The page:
未来を拓くリーダーシップ: 速く行動し、修正を重ねる手法


In a practical, playful talk, leadership visionary Anne Morriss reinvents the playbook for how to lead through change — with a radical, one-week plan to build trust and fix problems by following a step per day.


1 日 1 ステップずつ実行することで信頼を築き、問題を解決するための抜本的な 1 週間の計画を立てます。

タイトル 5 Steps to Fix Any Problem at Work
スピーカー アン・モリス
アップロード 2023/06/01

「職場の問題を解決するための5つのステップ(5 Steps to Fix Any Problem at Work)」の文字起こし

You’ve heard the phrase “move fast and break things.”
Facebook made it famous. But really, Mark just made the mistake of saying it out loud and putting it on company posters. By the way, Mark and I are not on a first-name basis. But sometimes using the first names of our leaders reminds us that leadership is a practice of imperfect humans leading imperfect humans. That’s why it’s so hard. How’s it going, Elon?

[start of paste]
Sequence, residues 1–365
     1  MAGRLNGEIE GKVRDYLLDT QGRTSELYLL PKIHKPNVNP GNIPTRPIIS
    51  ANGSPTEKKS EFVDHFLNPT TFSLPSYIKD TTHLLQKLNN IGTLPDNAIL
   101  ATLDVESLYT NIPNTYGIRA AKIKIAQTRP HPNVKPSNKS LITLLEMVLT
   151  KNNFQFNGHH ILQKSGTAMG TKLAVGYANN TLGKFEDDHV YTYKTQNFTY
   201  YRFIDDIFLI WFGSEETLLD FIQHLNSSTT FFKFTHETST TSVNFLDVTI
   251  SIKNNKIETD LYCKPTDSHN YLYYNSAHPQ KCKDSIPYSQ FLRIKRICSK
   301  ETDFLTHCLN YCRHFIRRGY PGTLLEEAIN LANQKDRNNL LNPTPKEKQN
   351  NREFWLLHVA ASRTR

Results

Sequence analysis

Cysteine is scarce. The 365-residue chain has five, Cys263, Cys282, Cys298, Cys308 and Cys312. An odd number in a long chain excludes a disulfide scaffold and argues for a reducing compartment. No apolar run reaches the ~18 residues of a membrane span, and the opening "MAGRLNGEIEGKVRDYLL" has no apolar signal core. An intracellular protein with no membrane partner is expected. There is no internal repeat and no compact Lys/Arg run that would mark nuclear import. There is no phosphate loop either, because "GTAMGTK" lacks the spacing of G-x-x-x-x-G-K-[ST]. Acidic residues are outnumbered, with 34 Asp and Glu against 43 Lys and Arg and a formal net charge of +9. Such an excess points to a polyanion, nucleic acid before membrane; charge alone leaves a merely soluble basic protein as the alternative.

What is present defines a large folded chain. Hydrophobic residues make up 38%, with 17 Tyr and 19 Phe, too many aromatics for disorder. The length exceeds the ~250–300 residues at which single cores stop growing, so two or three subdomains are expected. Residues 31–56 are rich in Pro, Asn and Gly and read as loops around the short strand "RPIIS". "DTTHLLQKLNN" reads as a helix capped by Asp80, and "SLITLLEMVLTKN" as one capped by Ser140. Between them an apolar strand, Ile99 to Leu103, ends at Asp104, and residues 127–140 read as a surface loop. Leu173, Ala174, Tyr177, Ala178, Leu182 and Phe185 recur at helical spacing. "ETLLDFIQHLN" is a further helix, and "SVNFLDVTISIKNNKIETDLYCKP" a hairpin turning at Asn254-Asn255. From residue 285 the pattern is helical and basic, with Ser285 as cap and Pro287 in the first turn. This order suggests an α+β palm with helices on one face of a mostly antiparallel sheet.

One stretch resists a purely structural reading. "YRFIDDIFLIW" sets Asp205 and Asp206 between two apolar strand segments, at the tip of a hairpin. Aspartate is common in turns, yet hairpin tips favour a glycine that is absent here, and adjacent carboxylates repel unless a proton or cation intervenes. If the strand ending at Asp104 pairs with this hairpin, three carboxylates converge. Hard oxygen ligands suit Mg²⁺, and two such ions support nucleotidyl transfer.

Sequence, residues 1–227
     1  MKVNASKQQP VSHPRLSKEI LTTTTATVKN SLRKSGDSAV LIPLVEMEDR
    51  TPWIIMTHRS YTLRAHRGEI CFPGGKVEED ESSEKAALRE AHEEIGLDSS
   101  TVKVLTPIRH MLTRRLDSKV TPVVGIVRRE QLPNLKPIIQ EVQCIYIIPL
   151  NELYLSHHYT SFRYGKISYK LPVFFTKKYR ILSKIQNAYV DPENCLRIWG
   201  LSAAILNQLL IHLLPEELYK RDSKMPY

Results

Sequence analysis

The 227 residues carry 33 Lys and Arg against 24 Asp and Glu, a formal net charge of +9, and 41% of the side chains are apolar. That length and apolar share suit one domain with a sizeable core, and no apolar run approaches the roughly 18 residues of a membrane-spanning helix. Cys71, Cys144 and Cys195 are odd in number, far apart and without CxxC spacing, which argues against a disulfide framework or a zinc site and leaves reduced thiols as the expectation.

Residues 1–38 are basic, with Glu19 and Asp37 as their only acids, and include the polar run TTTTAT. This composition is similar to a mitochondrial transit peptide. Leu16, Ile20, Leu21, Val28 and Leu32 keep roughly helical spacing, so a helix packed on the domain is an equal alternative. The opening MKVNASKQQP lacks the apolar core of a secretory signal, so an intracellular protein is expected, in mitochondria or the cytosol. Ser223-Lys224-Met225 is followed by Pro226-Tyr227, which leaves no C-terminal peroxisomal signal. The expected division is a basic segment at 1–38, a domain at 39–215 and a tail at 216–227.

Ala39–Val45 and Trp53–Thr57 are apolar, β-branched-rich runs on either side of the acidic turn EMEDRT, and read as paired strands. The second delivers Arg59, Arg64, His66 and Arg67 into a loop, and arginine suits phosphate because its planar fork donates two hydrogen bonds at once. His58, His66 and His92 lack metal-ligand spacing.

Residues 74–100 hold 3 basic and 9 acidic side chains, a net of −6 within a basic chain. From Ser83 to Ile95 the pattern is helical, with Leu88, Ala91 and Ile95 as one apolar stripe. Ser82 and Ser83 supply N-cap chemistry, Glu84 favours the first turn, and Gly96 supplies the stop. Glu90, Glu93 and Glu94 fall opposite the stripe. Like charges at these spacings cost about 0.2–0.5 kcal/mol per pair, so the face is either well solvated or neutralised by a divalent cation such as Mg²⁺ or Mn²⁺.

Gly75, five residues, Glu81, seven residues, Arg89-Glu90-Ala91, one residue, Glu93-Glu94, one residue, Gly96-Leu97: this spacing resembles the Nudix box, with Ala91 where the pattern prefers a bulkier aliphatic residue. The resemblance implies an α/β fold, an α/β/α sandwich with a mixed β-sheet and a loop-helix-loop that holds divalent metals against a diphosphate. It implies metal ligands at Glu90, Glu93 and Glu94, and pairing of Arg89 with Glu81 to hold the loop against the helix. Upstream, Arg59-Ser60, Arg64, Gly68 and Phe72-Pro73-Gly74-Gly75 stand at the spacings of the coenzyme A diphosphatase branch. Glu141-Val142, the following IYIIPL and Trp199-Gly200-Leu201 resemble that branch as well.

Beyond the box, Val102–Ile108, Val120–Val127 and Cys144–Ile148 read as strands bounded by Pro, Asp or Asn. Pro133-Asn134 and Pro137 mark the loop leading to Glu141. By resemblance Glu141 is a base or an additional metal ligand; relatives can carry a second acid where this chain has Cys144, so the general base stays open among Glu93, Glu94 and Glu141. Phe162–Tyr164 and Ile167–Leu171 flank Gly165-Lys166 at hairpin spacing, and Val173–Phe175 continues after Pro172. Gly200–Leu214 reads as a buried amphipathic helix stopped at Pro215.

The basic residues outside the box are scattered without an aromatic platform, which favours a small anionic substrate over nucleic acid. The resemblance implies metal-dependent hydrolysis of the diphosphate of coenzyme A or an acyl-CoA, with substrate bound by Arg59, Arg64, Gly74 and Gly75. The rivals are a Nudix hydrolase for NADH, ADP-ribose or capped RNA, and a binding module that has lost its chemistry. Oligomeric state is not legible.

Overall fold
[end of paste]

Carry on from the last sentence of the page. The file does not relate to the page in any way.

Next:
“Move fast and break things” is still a widely held belief that we can either make progress or take care of each other, one or the other. That a certain amount of wreckage is the price we have to pay for inventing the future. My wife and I have spent the last decade helping companies clean up this wreckage. And one of the main lessons from our work is that the trade-off at the heart of this worldview is false. The most effective leaders we know solve problems at an accelerated pace while also taking responsibility for the success and the well-being of their customers and employees and shareholders. They move fast and fix things.